Course a201 introduction to programming
This presentation is the property of its rightful owner.
Sponsored Links
1 / 27

Course A201: Introduction to Programming PowerPoint PPT Presentation


  • 73 Views
  • Uploaded on
  • Presentation posted in: General

Course A201: Introduction to Programming. 09/30/2010. Outlines for this week. How to write for loops Function range() Python membership operator: in Write nested for loops to print out certain shapes More on Strings String Indexing Function len () String functions

Download Presentation

Course A201: Introduction to Programming

An Image/Link below is provided (as is) to download presentation

Download Policy: Content on the Website is provided to you AS IS for your information and personal use and may not be sold / licensed / shared on other websites without getting consent from its author.While downloading, if for some reason you are not able to download a presentation, the publisher may have deleted the file from their server.


- - - - - - - - - - - - - - - - - - - - - - - - - - E N D - - - - - - - - - - - - - - - - - - - - - - - - - -

Presentation Transcript


Course A201:Introduction to Programming

09/30/2010


Outlines for this week

  • How to write for loops

    • Function range()

    • Python membership operator: in

    • Write nested for loops to print out certain shapes

  • More on Strings

    • String Indexing

    • Function len()

    • String functions

  • Finish Part-1, understand what to do in Part-2


for loops vs while loops

number = 1

While number< 11:

print(number)

count += 1

number_list = range(1, 11, 1)

for number innumber_list:

print(number)

  • The output will be exactly the same


Function range()

[functions]

  • input1, input2, input3, …

  • You give me some inputs

I am a function.

I will perform a certain job.

  • I give you some outputs back, explicitly or implicitly

  • output1, output2, output3, …


Function range()

  • Example of how to use range():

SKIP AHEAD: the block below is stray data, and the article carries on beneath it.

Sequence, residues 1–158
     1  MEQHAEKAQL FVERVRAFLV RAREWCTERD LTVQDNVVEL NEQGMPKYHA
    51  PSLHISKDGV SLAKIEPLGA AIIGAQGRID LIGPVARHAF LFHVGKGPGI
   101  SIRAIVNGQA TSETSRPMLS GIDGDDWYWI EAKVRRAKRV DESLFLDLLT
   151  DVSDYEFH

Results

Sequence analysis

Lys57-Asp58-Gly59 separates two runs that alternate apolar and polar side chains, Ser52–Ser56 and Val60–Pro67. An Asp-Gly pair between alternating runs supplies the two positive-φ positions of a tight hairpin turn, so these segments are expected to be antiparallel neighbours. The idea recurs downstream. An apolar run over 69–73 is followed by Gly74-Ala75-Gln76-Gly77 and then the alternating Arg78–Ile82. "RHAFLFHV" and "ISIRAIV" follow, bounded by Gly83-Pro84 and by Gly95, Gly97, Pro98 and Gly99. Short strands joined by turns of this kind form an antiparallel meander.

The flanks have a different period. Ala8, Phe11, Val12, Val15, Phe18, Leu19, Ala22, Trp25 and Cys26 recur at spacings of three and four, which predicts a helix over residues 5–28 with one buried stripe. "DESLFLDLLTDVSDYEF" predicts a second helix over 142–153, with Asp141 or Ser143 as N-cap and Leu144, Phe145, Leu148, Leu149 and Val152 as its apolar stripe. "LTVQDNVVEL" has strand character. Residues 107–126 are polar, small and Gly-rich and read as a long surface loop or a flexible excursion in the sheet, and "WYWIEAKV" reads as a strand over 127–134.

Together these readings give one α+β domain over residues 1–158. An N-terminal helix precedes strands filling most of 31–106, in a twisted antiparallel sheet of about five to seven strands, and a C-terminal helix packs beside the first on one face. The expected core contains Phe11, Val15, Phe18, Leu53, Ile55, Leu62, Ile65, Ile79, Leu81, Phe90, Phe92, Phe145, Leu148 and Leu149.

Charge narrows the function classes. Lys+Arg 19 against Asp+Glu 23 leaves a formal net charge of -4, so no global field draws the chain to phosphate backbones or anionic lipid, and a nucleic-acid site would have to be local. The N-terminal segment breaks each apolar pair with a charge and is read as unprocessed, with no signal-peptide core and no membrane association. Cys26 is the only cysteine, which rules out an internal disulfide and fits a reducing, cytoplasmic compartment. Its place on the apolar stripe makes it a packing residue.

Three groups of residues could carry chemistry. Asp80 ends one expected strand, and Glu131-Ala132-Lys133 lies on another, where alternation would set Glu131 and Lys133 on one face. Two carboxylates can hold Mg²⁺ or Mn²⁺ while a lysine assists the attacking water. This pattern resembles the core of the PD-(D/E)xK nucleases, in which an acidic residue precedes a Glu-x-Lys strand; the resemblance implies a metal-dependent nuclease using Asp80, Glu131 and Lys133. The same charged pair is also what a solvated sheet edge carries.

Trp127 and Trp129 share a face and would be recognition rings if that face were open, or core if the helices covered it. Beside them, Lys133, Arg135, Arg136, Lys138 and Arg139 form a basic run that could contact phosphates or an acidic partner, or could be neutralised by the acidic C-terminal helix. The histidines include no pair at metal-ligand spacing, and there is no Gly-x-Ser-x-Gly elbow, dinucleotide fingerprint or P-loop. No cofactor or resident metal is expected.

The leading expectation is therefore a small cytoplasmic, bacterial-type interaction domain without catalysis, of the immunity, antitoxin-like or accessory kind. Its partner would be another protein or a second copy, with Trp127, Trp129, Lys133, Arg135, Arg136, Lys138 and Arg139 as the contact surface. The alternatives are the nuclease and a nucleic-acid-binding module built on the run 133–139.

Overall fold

>>> range()

    ERROR! range expected at least 1 arguments

    >>> range(10)

    [0, 1, 2, 3, 4, 5, 6, 7, 8, 9]

    >>> ans = range(10)

    >>> ans

    [0, 1, 2, 3, 4, 5, 6, 7, 8, 9]

  • 10 is not included!


Function range()

  • So, we know that range() will require at least one argument, let’s see how it works when there’re two:

    >>> range(3, 11)

    [3, 4, 5, 6, 7, 8, 9,10]

    >>> range(-10,1)

    [-10, -9, -8, -7, -6, -5, -4, -3, -2, -1, 0]

    >>> range(10,1)

    []

  • Empty! when second argument is smaller than the first one, and there is no third argument.


Function range()

  • Three arguments?

    >>> range(3, 11, 2)

    [3, 5, 7, 9]

    >>> range(10, 1, -1)

    [10, 9, 8, 7, 6, 5, 4, 3, 2]

    >>> range(-10, -1, -1)

    []

    >>> range(2, 8, 0)

    ERROR! range() step argument must not be zero

  • The 3rd argument is the ‘step argument’. The default value is 1.

  • Empty!


For loops

name = “Linger Xu”

foraain name:

print(aa)

number_list = range(-10, 1)

for number innumber_list:

print(number)


Python membership operator: in

  • The variable name is a string, “Linger Xu”

    [foraain name] fetch every letter in this string sequentially, and put it into aa

  • The variable number_list contains a list of numbers: [for number innumber_list ] fetch every number in this list sequentially, and put it into number

  • Go throught every member of a specified sequence:

  • -10, -9, -8, …


Python membership operator: in

  • user = “5198”

    if “1” in user:

    print(“Number 1 is in”, user)

    if “0” not in user: